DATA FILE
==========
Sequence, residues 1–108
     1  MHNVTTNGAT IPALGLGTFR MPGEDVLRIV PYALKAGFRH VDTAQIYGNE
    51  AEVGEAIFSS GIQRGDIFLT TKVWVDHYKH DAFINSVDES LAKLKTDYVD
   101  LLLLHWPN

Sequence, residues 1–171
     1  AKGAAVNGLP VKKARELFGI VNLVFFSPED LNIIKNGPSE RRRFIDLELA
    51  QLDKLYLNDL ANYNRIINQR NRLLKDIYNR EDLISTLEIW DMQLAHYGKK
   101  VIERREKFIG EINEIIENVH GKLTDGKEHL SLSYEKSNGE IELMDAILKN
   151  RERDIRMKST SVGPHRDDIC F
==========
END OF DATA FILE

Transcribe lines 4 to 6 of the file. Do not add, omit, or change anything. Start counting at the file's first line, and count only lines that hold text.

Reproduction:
   101  LLLLHWPN

Sequence, residues 1–171
     1  AKGAAVNGLP VKKARELFGI VNLVFFSPED LNIIKNGPSE RRRFIDLELA